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Endometrium as a biological sensor of embryo quality

Abstract : In mammals, the birth of viable and healthy progeny involves a continuum of complex biological processes and several checkpoints (or hurdles) that have to be passed successfully. In terms of contribution to pregnancy, the male differs from the female, since the mother not only produces gametes (oocytes), but she also hosts the whole gestation, mainly in the uterus. The uterus is covered with endometrium, a tissue layer endowed with unique features that initiates cellular and molecular interactions with the embryo during implantation, making this step a critical checkpoint of pregnancy. Current data have demonstrated that congenital anomalies, acquired diseases or perturbations of adult maternal physiology before and during reproductive life (e.g. stress, nutrition; endocrine disruptors, infection) can affect endometrial function in a permanent or transient manner. Distinct endometrial responses can also be elicited by embryos presenting distinct post-implantation fates. Indeed biological functions (e.g. metabolism and immune function), molecular pathways (e.g. oxidative phosphorylation) and individual genes (e.g. SOCS3) were affected in bovine endometrium facing various types of embryos produced by artificial insemination, in vitro fertilization or somatic cell nuclear transfer. These findings have led to the concept that endometrium is an early biosensor of embryo developmental potential, which is useful for the prediction of pregnancy issues. This biological property, first demonstrated in cattle, has been recently applied to human species, since the expression of immune genes in decidualized stroma cells was reported to differ in cultured endometrial cells incubated with developing or non-developing embryos. Hence, mammalian endometrium appears as a dynamic and reactive tissue whose physiology can be negatively affected by environmental factors or types of embryos. This compromised or suboptimal endometrial quality can subtly or deeply affect embryo development before implantation, with visible and sometimes severe consequences for the placentation process and fetal development, as well as pregnancy outcome and the long-term health of the offspring.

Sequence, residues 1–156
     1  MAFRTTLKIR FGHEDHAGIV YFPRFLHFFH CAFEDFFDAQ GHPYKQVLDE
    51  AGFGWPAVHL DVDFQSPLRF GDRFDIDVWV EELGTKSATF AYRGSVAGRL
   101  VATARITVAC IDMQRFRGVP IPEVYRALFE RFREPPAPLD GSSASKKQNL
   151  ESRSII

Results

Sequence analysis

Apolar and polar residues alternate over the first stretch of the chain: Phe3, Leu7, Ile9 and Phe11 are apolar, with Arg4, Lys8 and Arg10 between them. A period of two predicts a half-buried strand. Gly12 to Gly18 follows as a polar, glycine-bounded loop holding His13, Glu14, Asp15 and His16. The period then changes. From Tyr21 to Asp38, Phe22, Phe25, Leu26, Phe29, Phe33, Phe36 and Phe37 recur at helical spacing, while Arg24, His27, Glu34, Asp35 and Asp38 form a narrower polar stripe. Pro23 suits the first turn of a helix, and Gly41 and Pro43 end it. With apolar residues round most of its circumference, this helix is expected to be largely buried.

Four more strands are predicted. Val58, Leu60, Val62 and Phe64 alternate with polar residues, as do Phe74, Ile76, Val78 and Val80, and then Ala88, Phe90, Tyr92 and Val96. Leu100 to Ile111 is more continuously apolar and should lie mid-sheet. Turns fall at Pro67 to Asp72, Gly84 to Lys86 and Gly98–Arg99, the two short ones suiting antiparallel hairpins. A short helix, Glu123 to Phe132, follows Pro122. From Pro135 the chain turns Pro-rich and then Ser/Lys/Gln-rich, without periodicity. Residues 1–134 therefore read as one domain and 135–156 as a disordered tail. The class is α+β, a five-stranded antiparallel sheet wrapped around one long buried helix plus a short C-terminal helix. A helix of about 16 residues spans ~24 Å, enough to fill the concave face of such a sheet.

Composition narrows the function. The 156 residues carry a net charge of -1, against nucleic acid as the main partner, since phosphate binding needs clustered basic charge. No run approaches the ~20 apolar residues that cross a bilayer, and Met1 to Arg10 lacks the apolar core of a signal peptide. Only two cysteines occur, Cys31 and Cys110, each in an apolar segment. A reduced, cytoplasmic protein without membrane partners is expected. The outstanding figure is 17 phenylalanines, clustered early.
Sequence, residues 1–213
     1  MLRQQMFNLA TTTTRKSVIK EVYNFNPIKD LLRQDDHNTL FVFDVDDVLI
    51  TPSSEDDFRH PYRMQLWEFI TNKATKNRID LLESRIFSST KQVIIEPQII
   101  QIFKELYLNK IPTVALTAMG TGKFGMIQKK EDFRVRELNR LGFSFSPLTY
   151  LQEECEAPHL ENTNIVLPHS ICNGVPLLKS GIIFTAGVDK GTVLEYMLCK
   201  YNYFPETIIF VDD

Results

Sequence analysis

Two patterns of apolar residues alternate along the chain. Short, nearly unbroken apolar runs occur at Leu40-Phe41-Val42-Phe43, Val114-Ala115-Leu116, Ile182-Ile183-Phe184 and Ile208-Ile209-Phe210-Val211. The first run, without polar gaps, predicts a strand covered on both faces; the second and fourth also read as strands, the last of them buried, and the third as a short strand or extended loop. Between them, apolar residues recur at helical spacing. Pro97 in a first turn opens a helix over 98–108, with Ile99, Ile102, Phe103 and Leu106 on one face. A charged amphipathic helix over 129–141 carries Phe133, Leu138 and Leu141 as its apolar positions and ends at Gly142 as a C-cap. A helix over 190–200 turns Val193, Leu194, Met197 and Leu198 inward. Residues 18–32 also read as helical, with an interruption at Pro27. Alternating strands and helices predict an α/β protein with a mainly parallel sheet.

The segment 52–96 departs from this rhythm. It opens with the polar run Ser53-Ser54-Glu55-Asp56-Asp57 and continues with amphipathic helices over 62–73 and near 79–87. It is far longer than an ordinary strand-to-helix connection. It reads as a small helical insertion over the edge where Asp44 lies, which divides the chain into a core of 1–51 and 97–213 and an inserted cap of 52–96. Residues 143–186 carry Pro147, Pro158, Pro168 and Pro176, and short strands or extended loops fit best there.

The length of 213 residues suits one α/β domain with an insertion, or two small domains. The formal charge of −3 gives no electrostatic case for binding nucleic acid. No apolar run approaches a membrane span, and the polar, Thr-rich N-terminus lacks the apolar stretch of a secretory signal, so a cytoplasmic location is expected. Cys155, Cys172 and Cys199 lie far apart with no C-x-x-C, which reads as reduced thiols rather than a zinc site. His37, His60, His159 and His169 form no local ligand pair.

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Olivier Sandra. Endometrium as a biological sensor of embryo quality. 11. Congress of the European Society for Reproductive Immunology, European Society for Reproductive Immunology (ESRI). HUN., Mar 2014, Budapest, Hungary. 168 p., ⟨10.1016/j.jri.2013.12.025⟩. ⟨hal-02739870⟩



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